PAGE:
The SID 1.0’s primary aim was to introduce the concept of innovation, and the idea of transforming Stellenbosch (or parts thereof) into an innovation district to the public. In many respects it succeeded in this, and considerable learning and input took place, most notably in a workshop that included several municipal staff, and councillors, as well as university personnel, researchers and business persons. SID was however, criticized by some for not taking into consideration a wider set of stakeholders and for failing to secure proper institutional buy-in. This task was subsequently addressed and effort has been made to ensure that a more inclusive approach and institutional buy-in takes place.

Now that the concept has been well understood and learning about it has taken place, within society and by the different institutions, the next steps to ensure further buy-in needs to be practical. It is for this reason that SID now plans to focus on several small and achievable projects – making sure to work in partnership with other organizations, the municipality and university. SID as a non-profit organization is currently being incubated in the University’s Incubator the LaunchLab. Its primary strategy is to assist in identifying challenges in Stellenbosch, which can be solved through a challenge driven innovation approach. A core focus will also be on how the focus on innovation, is not only technological but also social. Eventually, the SID as an organization, may be in a position to enhance its position to facilitate knowledge and innovation exchange between industry and the university on a wider, or even global scale. A fully functional SID, however, requires a sustainable source of funding, and therefore the best model for ensuring this sustainability should be explored and tested.

 

The impacts and implications of a fully-functional innovation district in Stellenbosch

The impacts and implications of a fully-functional innovation district in Stellenbosch are considerable. First and foremost the SID as a concept and strategy could represent a model for future development of the South African economy. Getting it right in Stellenbosch, which in many ways represents a microcosm of South Africa, means it becomes a model that can be transferred to other towns and cities across South Africa. It’s success would signal to the international community, that South Africa is serious about innovation, and is following global best practice as described in the first chapter.

Before considering the implications of replicating the innovation district model in other parts of South Africa, its significance should be seen in light of the potential for organizing the Western Cape regional economy according to the principles of Smart Specialization. Before the critics suggest, that this would amount to another cookie cutter solution, transferred from “imperialist” Europe. The merits of this logic should be assessed non-politically, the approach should be about gaining understanding in how organizing the economy according to a new economic logic can create enormous efficiencies and improve the production system. This is what is going to assist in creating jobs, transferring skills, thereby helping to progress our nation. What South Africa so desperately needs, is an improved innovation system that is inclusive, sustainability-oriented and supports the ailing manufacturing and production systems. Innovation does not just happen it needs to be organized according to a plan like smart specialization, as done in the EU. The key question here is, how does South Africa invent its own organized approach to economic development as its own brand of Smart Specialization. There certainly needs to be a balance between the archaic thinking of the ‘free market’ (which does not consider market failures and social inclusion adequately); and the very radical leftist thinking that plans to nationalize and communize the economy (which has been proven to fail time and time again). The middle ground is about planning in such a way that leading (economic and social) systems, take into consideration the disparities that exist in our country and consider ways to bolster lagging economic systems and the people who live in them. This is not about politics, or redistribution of wealth, it’s about being clever about the future of the economy and seeing the challenges that exist in our societies as opportunities for innovation, and new business. This is what the knowledge economy in developing countries like South Africa should be about. But then, the leading systems should lead in developing the innovative capacities to do this. Innovation districts, the South African way, should therefore understand our weakness of underdevelopment as its strength. Solving local problems on our doorstep, by organizing the incredible resources and capacities that do exist in the leading systems is in fact our unique selling proposition – something that the rest of the world would not in fact be able to do. But if there are innovation districts in South Africa, geared to international partnerships in solving developmental problems it’s a win-win-win situation.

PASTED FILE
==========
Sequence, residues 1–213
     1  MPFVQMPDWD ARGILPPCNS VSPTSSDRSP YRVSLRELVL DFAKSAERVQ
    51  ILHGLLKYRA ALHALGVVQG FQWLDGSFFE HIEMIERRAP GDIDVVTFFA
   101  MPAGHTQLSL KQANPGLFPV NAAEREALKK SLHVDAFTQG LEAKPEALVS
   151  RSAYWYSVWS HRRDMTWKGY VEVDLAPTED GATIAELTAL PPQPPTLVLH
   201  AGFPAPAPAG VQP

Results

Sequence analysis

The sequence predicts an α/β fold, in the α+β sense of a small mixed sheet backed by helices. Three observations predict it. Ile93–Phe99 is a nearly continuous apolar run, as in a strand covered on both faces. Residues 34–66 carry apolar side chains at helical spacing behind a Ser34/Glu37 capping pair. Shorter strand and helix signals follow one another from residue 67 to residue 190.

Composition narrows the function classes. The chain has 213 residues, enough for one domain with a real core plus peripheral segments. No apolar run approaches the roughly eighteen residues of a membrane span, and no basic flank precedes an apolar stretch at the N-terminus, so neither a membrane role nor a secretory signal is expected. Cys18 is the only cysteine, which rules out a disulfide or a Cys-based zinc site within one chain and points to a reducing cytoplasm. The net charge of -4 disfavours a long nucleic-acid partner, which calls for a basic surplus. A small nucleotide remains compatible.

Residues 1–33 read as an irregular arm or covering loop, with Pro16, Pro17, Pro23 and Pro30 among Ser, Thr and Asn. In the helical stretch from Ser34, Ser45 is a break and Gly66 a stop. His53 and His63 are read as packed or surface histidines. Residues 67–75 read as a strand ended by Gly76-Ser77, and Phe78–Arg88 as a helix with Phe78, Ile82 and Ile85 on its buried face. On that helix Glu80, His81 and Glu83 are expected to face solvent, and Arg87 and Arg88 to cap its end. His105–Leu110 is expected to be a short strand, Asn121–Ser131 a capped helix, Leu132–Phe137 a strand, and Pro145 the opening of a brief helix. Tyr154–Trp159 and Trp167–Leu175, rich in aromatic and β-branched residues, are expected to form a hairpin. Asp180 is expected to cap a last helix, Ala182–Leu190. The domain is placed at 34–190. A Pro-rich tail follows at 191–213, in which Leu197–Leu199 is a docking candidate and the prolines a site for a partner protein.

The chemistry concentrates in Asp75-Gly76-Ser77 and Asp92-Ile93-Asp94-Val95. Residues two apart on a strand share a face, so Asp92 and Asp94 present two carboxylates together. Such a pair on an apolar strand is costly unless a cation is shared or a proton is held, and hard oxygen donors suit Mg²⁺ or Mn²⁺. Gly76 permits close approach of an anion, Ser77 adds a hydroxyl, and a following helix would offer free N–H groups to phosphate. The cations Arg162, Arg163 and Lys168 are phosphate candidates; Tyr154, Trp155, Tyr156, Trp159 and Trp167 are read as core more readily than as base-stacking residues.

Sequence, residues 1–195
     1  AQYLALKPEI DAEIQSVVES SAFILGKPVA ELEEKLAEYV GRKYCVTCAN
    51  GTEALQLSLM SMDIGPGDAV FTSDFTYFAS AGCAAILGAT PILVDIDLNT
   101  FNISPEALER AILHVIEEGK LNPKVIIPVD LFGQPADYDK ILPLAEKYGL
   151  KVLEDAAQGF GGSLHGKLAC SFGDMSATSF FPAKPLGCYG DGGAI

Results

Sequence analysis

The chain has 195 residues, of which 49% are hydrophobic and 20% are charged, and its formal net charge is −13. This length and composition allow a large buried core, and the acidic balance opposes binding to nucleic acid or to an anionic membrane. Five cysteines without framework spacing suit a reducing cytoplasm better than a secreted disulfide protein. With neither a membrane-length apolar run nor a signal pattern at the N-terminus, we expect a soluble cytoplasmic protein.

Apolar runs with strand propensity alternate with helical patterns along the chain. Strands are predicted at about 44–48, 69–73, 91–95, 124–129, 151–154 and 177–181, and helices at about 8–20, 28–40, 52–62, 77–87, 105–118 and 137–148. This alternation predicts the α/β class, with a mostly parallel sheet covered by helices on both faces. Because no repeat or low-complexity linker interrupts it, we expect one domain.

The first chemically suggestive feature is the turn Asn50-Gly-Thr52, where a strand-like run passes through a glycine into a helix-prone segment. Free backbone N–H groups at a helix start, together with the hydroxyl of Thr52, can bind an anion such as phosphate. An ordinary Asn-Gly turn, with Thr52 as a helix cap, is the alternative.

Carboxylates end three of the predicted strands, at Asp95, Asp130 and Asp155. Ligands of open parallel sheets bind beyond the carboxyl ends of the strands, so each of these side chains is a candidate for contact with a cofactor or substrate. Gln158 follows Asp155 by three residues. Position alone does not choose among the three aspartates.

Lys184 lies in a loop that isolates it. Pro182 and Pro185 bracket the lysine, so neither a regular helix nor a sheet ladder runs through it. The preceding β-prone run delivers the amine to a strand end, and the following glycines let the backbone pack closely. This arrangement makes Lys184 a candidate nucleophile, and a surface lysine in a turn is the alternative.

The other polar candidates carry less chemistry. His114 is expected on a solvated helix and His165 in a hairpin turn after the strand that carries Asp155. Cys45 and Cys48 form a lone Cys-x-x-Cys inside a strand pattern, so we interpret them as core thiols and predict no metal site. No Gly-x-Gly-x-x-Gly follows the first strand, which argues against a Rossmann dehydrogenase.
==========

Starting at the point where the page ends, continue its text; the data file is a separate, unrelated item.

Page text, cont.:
This is what the Stellenbosch innovation district could represent as a movement and a project of modernization. Stellenbosch could be the amazing story of the future, whereby transformation took place from the pre-liberation home of apartheid intelligentsia, to the cultural innovation epi-centre of the South African Innovation Republic. But for that to happen, some serious shifts will need to take place not only in our thinking, but in our lackadaisical and half-hearted approach to real collaboration. We should not let fear of change get the better of us. As soon as we ‘go with the flow of change’ and channel that energy into positive economic potentials this country will thrive. Stellenbosch is a good place to start, and the story would be great. The only ingredient for this is humility, and to allow those with a plan that makes sense to lead it into existence. Otherwise it will be replaced with a plan that is very possibly less favourable. A good vision, that is shared, is sure to bring along those that need to be brought along for its success – and this also requires professional programme management. This should not be individual leadership, but a collective leadership. Let’s get started and develop the first truly South African innovation district that produces so much more than innovation – but a new social fabric and South African identity whereby the only language is innovation for a new South Africa! There is no other time like now. Let’s do it.

 

Dr. Pieter van HeyningenDr. Pieter van Heyningen has a bachelor’s degree in Politics, Philosophy and Economics; an honours degree in Philosophy (including complexity theory), and began studying an MPhil at the Sustainability Institute all from Stellenbosch University. Some years later, after an extensive period in South East Asia and Taiwan, Pieter obtained a Masters/ MBA from a Swedish University on Ecological Economics, focusing on firm strategies for sustainability. Thereafter he returned to South Africa, completing his PhD in “Innovation Systems for Sustainability Transitions.

More recently, Pieter joined the Bertha team at the Graduate School of Business, at UCT for a year to explore the world of social and inclusive innovation. Pieter acted as project manager of the GSB’s project at Philippi village (a low resourced social entrepreneurship hub), and helped them to develop the high level strategy framework for GSB’s involvement in the project.

Pieter was also project manager of the South African chapter, of the global UNEP ‘eco-innovation’ project.

Pieter is founder and partner in SustNet, which is a private sector initiative to build sustainable innovation systems in South Africa, and beyond.